"The Javelin study is based on a survey of about 5,000 consumers," he said. "Our data is based on millions of actual transactions. That is a very important distinction."
Javelin defended its numbers.
"We conducted our independent study and are reporting on number of victims of CNP fraud in 2016, in this case," said Pascual. "Our findings are consistent from what we have heard from others in the space, including merchants, issuers, and other networks."
The Visa report also went into more depth about the status of the EMV migration.
As of the end of the year, 39 percent of all merchants and 49 percent of the payment volume was on chip-enabled terminals, said Visa's Ericksen, and counterfeit fraud was down 52 percent at the merchants who made the switch.
The number of chip-enabled Visa cards in circulation nearly doubled over the course of the year, to more than 408 million, and the number of merchants with chip-enabled terminals more than doubled, to 1.8 million.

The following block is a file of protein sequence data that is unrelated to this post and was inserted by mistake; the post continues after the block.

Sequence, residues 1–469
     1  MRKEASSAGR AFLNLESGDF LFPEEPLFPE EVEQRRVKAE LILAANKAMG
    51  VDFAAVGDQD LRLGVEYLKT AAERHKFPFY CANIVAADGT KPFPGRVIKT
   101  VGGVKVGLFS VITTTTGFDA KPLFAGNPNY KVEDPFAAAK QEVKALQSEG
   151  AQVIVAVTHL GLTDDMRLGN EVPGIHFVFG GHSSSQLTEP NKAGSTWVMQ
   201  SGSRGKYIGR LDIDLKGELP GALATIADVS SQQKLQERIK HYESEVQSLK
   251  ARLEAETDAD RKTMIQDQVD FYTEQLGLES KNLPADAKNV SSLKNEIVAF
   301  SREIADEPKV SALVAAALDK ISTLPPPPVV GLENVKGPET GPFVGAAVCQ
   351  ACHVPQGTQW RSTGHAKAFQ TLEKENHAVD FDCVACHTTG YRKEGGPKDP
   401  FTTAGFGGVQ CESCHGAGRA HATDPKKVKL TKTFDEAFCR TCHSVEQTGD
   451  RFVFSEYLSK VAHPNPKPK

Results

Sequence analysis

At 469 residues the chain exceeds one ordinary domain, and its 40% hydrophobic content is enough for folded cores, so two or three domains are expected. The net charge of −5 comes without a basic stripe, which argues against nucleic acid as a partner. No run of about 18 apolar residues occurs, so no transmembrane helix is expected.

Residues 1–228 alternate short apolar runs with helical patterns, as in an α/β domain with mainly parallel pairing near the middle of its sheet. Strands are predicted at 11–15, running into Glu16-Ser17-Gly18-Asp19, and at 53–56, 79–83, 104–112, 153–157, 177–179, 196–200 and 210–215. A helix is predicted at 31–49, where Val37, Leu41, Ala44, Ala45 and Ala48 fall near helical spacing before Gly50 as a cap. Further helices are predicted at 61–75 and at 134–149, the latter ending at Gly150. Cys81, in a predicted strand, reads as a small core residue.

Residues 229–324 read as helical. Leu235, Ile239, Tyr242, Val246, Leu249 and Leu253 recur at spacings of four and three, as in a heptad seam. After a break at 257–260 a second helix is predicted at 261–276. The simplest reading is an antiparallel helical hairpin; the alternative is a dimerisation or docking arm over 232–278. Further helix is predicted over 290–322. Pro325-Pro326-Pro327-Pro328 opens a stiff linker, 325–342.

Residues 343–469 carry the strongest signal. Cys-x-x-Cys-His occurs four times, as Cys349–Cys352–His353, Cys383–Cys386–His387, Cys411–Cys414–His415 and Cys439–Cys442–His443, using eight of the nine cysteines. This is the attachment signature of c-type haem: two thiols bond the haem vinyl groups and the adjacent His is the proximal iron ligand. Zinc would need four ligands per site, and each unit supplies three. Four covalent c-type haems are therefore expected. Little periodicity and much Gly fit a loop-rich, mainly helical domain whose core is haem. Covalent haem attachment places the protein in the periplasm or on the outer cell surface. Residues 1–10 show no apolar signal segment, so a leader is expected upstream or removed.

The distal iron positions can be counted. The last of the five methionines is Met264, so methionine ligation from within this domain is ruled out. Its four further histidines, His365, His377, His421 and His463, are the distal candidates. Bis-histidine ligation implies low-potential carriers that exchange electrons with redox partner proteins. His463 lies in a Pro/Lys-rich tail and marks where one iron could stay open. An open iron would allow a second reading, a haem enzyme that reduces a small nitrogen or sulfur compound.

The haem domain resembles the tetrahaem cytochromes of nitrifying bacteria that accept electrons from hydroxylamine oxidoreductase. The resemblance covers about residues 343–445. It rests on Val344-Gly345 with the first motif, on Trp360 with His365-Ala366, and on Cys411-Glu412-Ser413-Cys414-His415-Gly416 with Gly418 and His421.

The EMV migration liability shift date was in the fall of 2015 -- that is when merchants became liable for fraud if they still had the old, magnetic stripe card readers.
But the transition is moving along at a reasonable rate, Ericksen said.
"From what we've seen in other countries around the world, it does take them two to three years after the liability shift date to get to 60 percent of the volume," she said. "This is a migration. It's not a one-time event. Every merchant is going to make the implementation investment decision at a time that makes sense for them."
For example, merchants with high-ticket products, or high fraud rates, made the switch first, she said.
"We have seen some significant adoption in certain key merchant segments," she said. "Electronics stores, home goods stores and department stores, a lot of those were some of the first to go to chip technology, as well as pharmacies and drug stores."